Skip to main content

Blown away by the Western Can(n)on?

Lately, I've been thinking about how much I haven't read in terms of the classics of Western literature and how I should dive into them. I thought a nice introduction would be Harold Bloom's Western Canon: the Books and Schools of the Ages in which he devotes whole chapters on Shakespeare (read some), Milton (on my shelf), Cervantes (terrified to attempt) etc. down on the line through to Jane Austen (Ah! got that) and James Joyce. It's a serious tome: I have to take it to work to make any headway at all, to force myself to read it. It's good, but Dense.

At the back of the book is a list of what Harold Bloom believes constitutes the Western Canon - it goes on for 39 pages. The first night I opened the book, I tried to tick off the books I've read and made the smallest dent, maybe 1/365th of the list. Then I started to run around the room, grasping books off the shelf and determined to plunge into them right NOW starting with Dracula (which is on the list). I mean, even if I read every second for the rest of my life I don't think I could finish the Canon, and that's without reading magazines and newspaper articules and books for guilty pleasure etc. There's just too much! I tried to read Dracula but fell asleep three minutes later. (It occurs to me that if I was a vampire, I wouldn't need to sleep and then none of this would be a problem...)

The next morning I tried to tell Kristin about my midnight crisis, and she shook her head at me and tut-tutted and said, "Christy, it's not a required reading list, it's just the canon!" That made me feel much better, in the sheepish I-know-you-think-I'm-a-total-wally way.


Popular posts from this blog

The Private Life of the Diary

I’ve kept a diary since I was twelve. While I composed nearly illegible autobiographical scratchings in my first years of primary school at my teachers’ request, it wasn’t until I was on the brink of becoming a teenager that I felt I needed a more permanent arrangement. I suspect it had to do with reading The Diary of Anne Frank. My diary’s function has changed over the years – it once had a name (having discovered that Zoe was the Greek word for life, I thought my choice extremely clever), and I used to like my diaries in a variety of shapes and sizes, spangled with glitter, ruled with wide lines, shackled with locks and keys. For at least eight years my diary was the space in which to vent my feelings, and offered some form of therapeutic comfort. This meant it was largely about boys and is, as a result, very tedious to reread. But while the function of my journal has changed, each volume has been a solution to the manic desire to scribble. As I discovered reading Anne Frank, each e…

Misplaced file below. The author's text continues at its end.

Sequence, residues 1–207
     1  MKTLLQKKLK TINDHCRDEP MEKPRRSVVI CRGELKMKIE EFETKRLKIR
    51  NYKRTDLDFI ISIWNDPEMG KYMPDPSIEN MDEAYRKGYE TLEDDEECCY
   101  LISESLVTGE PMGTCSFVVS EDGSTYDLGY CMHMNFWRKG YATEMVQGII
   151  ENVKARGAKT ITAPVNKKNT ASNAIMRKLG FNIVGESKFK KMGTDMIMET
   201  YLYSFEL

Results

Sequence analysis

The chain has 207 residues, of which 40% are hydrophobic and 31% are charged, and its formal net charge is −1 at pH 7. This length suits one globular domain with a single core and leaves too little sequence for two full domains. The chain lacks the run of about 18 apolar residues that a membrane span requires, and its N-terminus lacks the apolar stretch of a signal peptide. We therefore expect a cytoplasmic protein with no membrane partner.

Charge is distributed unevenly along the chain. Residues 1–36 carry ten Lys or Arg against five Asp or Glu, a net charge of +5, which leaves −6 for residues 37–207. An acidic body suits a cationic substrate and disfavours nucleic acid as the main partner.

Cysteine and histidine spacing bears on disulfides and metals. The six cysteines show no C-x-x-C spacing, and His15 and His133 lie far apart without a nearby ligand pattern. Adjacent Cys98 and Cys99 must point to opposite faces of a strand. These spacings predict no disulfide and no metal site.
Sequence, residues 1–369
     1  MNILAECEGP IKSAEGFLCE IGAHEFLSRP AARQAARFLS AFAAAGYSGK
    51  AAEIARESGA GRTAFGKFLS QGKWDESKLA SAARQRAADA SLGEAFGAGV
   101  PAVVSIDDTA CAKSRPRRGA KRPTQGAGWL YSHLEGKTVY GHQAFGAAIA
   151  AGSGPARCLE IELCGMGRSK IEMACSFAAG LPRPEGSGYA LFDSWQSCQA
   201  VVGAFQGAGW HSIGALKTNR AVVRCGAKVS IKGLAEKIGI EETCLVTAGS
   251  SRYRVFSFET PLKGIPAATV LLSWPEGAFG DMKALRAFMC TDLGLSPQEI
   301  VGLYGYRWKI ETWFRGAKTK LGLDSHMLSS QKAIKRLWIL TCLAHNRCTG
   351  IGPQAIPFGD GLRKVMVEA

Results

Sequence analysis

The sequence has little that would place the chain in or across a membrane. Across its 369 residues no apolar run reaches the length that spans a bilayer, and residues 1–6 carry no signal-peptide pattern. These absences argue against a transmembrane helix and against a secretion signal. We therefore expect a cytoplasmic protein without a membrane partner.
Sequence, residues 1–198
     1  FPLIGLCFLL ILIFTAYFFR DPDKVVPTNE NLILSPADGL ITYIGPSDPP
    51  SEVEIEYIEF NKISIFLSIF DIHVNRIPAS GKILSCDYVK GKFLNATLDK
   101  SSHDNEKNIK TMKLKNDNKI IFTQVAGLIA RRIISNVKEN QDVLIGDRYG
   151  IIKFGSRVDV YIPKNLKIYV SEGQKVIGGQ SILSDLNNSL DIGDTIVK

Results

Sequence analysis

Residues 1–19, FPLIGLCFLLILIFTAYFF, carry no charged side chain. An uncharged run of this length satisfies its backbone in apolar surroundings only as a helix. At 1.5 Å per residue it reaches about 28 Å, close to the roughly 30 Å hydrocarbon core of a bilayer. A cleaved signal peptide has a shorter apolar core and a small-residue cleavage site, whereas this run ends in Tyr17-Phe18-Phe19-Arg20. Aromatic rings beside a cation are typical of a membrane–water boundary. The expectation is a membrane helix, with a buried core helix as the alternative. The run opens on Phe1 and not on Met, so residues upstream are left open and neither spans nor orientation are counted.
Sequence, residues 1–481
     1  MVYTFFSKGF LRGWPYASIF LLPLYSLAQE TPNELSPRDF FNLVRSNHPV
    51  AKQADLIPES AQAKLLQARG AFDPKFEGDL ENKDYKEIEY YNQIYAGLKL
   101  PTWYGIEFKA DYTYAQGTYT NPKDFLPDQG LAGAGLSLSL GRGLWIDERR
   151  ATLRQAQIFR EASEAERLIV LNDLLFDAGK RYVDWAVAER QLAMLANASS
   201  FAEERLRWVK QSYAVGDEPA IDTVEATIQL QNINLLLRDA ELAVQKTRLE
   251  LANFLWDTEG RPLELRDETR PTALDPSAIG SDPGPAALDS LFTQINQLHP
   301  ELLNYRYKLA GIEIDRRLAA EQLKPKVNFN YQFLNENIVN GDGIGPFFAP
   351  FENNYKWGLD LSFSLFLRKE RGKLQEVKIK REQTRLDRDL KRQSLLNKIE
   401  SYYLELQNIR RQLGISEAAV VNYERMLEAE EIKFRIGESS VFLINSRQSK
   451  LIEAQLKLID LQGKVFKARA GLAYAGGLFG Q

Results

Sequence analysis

The Short Story Season I

The New Yorker Fiction podcast, which I’ve now gobbled up in its entirety, has recently been a lifeline while I’ve been travelling from house to house, city to city. It’s been responsible for kick-starting my renewed interest in the short story – more to come – and for introducing me to writers I’ve long known by name but never read: like Elizabeth Taylor.

Paul Theroux read Taylor’s ‘The Letter Writers’ this past January for the podcast and the story remains one of her best, alongside (and forgive the list) stories such as ‘Taking Mother Out’, ‘Swan-Moving’, ‘A Sad Garden’, ‘The Ambush’, ‘The True Primitive’, ‘The Little Girl’, ‘Hare Park’, ‘The Prerogative of Love’, and ‘The Thames Spread Out’. Travelling with the hefty paperback on planes, trains, and automobiles, I feel I’ve dragged round my little plot of England to keep me company.

(A quick note on editions: an NYRB edition of her stories has just been published but it is a selection, rather than Virago’s Complete Stories. Forgo t…

Blast-beruffled plumes

I’ve returned to Minnesota to find it transformed into a Brueghel painting.

Our hunters are gone north or even south, wherever there are more deer. This has been a bad year for deer, threatened by the cold of last year’s polar vortex and the high population of coyotes, which now carry a bounty on their heads.

So, while it’s still autumn in England (I’ve been assured), winter has come. The nights are long, the wreaths are out. I’ve been reading restlessly – Robert Walser and GB Shaw. But some nights, Thomas Hardy feels just right for November melancholia. Here’s ‘A Darkling Thrush’:

I leant upon a coppice gate
When Frost was spectre-grey,
And Winter's dregs made desolate
The weakening eye of day.
The tangled bine-stems scored the sky
Like strings of broken lyres,
And all mankind that haunted nigh
Had sought their household fires.

The land's sharp features seemed to be
The Century's corpse outleant,
His crypt the cloudy canopy,